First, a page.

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On January 18, the Australian ran a story on a leaked report commissioned by the Peter Beattie Labor state government on the shocking living conditions for Aborigines in Queensland (see accompanying article). Green Left Weekly asked Sam Watson, Murri leader and member of the Socialist Alliance, about this and the ongoing struggle for justice for Indigenous people in Australia.
A confidential report titled Partnerships Queensland was drafted last year by the Queensland Department of Aboriginal and Torres Strait Islander Policy. The report — which found there was an urgent need to improve the standard of living for Indigenous people and take “immediate and sustained action” — was withheld from public release before the September state election. Premier Peter Beattie’s government abolished the department after Labor’s re-election.
The decision by a full bench of the Australian Industrial Relations Commission (AIRC) on appeal to deny a Victorian cinema manager access to unfair dismissal laws because he was sacked for “genuine operational reasons” is another blow to attempts to hold unfair employers to account.
The trial of four activists who inspected the US-Australia top-secret spy base at Pine Gap for terrorist activity, is set to continue on May 29.
It’s been more than five years since the first hooded, shackled men were brought to the US prison at Guantanamo and although not a single prisoner has been tried or convicted of any crime, more than 400 still remain, including David Hicks.
Tamworth, 595 kilometres north of Sydney, each year welcomes more than 50,000 people to its music festival. The town boasts it is the Australian equivalent of “Nashville”, albeit on a small scale.
Carrier strike group diplomacy "I made a statement last night that I had ordered the deployment of an additional carrier strike group to the region ... We will use our full diplomatic resources throughout the Middle East." — Emperor George Bush
On January 15, Ecuador’s new president, Rafael Correa Delgado, was sworn in, promising to build “socialism of the 21st century” to overcome the poverty and instability of the small Andean country.
The case of Melbourne man Jack Thomas should be ringing alarm bells over the use of the so-called anti-terror laws in Australia. Thomas’ case demonstrates that these laws can be, and are being, misused for political purposes against someone who is not a terrorist.
One year ago 43 West Papuan asylum seekers arrived in North Queensland fleeing Indonesian government oppression. Today in West Papua, the oppression continues, the Australia West Papua Association (AWPA) said in a January 18 media release.
A chain of events triggered by the passage of a new agrarian reform law, part of the “agrarian revolution” of indigenous President Evo Morales, has brought into sharp relief the drive by the right-wing opposition to overthrow Morales’s government, even if it means pushing Bolivia towards a civil war.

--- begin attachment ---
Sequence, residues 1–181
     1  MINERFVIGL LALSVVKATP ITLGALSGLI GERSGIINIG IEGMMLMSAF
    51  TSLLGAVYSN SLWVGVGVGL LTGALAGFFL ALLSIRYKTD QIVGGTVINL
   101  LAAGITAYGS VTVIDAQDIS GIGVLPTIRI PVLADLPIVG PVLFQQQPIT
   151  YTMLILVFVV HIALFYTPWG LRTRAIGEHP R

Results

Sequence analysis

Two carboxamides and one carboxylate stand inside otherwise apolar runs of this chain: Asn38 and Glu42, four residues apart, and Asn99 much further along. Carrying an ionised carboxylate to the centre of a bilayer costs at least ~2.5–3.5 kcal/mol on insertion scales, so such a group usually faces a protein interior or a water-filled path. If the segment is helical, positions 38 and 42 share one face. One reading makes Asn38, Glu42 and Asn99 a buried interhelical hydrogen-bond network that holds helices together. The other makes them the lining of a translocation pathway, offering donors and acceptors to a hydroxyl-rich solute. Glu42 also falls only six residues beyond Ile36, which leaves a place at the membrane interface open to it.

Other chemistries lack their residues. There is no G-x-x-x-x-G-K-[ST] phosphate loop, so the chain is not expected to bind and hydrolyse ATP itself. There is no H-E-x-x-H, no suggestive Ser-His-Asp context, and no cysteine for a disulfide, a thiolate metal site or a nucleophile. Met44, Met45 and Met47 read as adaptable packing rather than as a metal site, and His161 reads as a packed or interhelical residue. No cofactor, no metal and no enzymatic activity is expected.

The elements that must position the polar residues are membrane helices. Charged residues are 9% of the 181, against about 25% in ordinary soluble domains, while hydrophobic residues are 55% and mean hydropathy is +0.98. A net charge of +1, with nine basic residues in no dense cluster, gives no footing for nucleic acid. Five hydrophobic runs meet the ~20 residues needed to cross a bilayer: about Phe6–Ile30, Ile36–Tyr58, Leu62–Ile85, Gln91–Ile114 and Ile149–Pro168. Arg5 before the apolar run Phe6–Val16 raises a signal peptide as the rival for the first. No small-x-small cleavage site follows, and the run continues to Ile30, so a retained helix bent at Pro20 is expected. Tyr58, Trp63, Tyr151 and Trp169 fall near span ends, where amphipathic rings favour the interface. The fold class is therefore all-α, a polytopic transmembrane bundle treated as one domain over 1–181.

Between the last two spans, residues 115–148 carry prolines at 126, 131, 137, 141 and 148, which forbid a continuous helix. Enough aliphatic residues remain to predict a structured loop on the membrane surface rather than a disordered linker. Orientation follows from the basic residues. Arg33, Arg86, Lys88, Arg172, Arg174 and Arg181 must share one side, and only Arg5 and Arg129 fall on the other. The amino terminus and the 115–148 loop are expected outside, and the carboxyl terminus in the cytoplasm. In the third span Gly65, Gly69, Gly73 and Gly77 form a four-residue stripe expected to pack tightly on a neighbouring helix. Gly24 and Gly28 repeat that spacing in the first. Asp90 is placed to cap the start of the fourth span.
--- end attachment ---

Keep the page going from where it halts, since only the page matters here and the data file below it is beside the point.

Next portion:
After comparing data from the Office of the Employment Advocate (OEA) on pre- and post-Work Choices agreements, Professor David Peetz from Griffith University revealed last December that 63% of Australian Workplace Agreements (individual contracts — AWAs) remove workers’ entitlement to penalty rates, with these being “absorbed” into hourly rates of pay. As well, 64% of AWAs remove workers’ annual-leave loading and 54% include no shift loadings.
Abdias Jean was murdered on January 14, 2005, shortly after finishing his lunch near his home in the Village de Dieu slum.
The Australian writer Donald Horne meant the title of his celebrated book, The Lucky Country, as irony. “Australia is a lucky country run by second-rate people who share its luck”, he lamented in 1964, describing much of the Australian elite as unfailingly unoriginal, race-obsessed and in thrall to imperial power and its wars.
High-profile pro-democracy campaigner and parliamentarian Akilisi Pohiva has been arrested by police in connection with a riot last November that left seven people dead. Following the riot, a state of emergency was declared, giving police the power to detain people without charges for seven days. Some 700 others have already been arrested, including Pohiva’s fellow-MP Isileli Pulu, who was charged with manslaughter, sedition and abetting property damage. According to Radio NZ International on January 19, Pohiva says the motivation for the riot will be revealed in court. “He knew what the people were upset about”, RZNI correspondent Mateni Tapueluelu said. “They were upset because the very peaceful approach that they’d made to the government demanding political reform hadn’t worked. And he knew why their anger spilled out and this is why he made a statement to that effect, which is now interpreted by the government as meaning that they [the pro-democracy movement] did plan it.”
Sheikh Isse Musse, Imam of the Virgin Mary Mosque and spiritual leader of Melbourne’s Horn of Africa Muslim community, condemned the US bombing of his native Somalia and its instigation of the invasion by Ethiopian troops inlate December. He also expressed hope that out of the current conflict Somalia might regain its sovereignty and national unity after years of anarchy and violence.

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